• Students can advocate with the school to be certified “sweatshop free.” http://www.sweatfree.org/join_us
  • Students can use the Prisoner Database on the Laogai Research Foundation’s website to research more about the lives of the detained. In response to their research, students can develop a website/Facebook page to raise awareness/support for some of the current prisoners in the Laogai.
    • Organize an art competition asking students to illustrate articles of the Universal Declaration of Human Rights or organize a writing competition on a theme such as “What ‘human rights’ mean to me” or “What human right do I value most?” Winning entries from writing or art competitions could be featured in an exhibit, offered for publication in local newspapers or featured on your website. See http://www.un.org/events/humanrights/2008/plan.shtml for more ideas.


The Robert F. Kennedy Center for Justice and Human Rights is sponsoring an annual contest honoring a student who submits the best advocacy activity based upon the lesson studied. A goal of the lesson is to instill into each student that one voice, one person can make monumental changes in the lives of many. Tell us how you “Became a Defender”!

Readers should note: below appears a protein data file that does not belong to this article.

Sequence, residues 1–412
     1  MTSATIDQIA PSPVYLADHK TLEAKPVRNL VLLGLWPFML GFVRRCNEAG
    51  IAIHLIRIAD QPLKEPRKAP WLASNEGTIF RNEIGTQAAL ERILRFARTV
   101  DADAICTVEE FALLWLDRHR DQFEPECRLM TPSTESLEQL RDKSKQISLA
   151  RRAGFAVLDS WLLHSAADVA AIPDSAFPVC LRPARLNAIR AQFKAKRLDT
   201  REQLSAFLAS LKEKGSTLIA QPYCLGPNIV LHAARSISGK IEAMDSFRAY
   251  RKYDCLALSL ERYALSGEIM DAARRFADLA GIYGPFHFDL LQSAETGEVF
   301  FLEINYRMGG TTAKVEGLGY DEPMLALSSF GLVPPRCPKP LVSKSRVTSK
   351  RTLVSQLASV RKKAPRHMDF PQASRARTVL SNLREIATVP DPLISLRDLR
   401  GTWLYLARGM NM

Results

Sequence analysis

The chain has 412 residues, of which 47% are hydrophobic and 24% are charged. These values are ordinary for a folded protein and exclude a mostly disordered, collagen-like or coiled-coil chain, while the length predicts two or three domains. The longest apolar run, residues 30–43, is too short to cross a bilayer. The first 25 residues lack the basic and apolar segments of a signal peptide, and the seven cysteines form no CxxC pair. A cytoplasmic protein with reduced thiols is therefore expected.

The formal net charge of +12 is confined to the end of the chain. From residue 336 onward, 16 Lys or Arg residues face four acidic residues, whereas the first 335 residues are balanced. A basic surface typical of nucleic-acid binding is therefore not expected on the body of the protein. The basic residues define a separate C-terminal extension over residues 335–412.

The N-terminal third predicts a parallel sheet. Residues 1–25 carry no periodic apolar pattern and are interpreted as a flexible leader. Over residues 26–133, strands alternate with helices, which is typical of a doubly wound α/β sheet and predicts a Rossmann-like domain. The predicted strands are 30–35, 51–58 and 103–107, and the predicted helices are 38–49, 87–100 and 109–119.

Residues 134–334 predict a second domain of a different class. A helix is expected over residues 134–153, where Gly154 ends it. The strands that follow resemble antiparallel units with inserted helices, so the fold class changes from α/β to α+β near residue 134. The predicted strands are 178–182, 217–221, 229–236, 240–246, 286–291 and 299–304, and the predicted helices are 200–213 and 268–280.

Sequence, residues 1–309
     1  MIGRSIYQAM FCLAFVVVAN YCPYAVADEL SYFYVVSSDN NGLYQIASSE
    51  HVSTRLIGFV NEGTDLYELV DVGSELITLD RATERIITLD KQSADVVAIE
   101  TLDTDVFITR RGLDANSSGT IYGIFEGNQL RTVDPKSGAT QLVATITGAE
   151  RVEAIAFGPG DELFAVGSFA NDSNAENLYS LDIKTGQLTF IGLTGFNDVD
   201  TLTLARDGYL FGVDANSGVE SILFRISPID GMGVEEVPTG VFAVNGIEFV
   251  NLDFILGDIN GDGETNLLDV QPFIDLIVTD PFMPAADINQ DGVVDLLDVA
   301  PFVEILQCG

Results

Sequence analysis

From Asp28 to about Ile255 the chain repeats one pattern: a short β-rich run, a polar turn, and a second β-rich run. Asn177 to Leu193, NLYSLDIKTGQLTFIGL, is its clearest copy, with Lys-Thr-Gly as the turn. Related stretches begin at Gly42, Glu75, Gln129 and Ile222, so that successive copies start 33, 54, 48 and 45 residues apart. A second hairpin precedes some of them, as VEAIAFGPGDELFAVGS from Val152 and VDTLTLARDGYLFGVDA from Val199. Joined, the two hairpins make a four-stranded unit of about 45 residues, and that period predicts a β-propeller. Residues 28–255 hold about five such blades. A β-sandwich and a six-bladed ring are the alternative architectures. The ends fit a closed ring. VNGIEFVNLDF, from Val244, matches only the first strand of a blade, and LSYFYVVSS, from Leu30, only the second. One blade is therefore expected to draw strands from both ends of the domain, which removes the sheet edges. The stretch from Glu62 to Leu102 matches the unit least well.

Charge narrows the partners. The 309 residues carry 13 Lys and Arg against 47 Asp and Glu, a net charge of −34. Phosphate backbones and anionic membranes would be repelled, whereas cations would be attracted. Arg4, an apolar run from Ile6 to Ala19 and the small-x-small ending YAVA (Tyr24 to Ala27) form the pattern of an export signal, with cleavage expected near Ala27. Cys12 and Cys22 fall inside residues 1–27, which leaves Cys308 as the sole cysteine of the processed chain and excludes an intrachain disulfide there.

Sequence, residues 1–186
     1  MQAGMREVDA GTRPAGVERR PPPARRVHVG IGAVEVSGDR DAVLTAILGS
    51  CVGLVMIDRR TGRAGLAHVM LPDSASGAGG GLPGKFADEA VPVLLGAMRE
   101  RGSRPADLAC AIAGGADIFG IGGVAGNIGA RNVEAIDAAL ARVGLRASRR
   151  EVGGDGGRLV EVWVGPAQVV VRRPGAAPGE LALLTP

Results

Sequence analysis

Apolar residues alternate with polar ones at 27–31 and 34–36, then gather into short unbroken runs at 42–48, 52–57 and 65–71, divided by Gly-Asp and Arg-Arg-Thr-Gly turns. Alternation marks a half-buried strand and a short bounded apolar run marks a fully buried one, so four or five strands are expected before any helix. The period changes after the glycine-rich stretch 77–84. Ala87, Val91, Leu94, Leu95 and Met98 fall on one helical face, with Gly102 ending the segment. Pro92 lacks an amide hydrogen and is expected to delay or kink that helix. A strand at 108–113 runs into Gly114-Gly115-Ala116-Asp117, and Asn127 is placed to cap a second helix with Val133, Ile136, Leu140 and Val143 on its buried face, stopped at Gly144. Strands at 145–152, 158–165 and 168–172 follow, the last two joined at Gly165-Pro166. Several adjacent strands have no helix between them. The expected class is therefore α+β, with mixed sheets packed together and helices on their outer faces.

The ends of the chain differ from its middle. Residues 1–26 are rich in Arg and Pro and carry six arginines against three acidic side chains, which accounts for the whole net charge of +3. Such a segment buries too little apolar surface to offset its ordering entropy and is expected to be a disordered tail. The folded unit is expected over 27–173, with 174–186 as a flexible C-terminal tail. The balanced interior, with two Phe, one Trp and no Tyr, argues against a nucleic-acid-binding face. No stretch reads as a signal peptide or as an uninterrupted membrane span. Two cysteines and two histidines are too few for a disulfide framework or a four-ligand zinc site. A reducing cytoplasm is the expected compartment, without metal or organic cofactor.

• A one-page summary of the advocacy activity
  • Digitized copies of materials that can be sent electronically
  • Photos of the activity (please include parental consent form)
  • A one-page summary of how the activity made a change in the lives of one person or many


  • A week long “virtual” internship at RFK Center
  • An opportunity to meet the defender through a SKYPE visit,
  • A visit from Kerry Kennedy or a defender to your school
  • A poster of a Speak Truth to Power Human Rights Defender
  • A donation of a signed copy of Speak Truth to Power for the school library

The application and instructions for entry can be downloaded here (link for materials)

The deadline for all applications is the third week in November.

The winning student and teacher will be notified by the last week of January.

Additional Resources

Laogai: The Chinese Gulag (1991)
Harry Wu’s first full account of the Chinese labor camp system.

Bitter Winds (1994)
Harry Wu’s memoir of his time in the camps.

Troublemaker (1996)
Wu’s account of trips to China and his detention in 1995.

New Ghosts, Old Ghosts, Prisons and Labor Reform Camps in China (1999)
by James Seymour and Richard Anderson

Timeline of Human Rights

Laogai Research Foundation
The Laogai Research Foundation works to publicize and document systemic human rights abuses in China including executions, organ harvesting, coercive population control and Internet censorship and surveillance.

Youth for Human Rights video documentary (10 minutes) on the Birth of Human Rights
A documentary made by Youth for Human Rights that explains the history of human rights.

Student-Friendly Universal Declaration of Human Rights
A student-friendly version of the Universal Declaration of Human rights.

Tags: , , , , , , , , , ,

No comments yet.

Leave a Reply

You must be logged in to post a comment.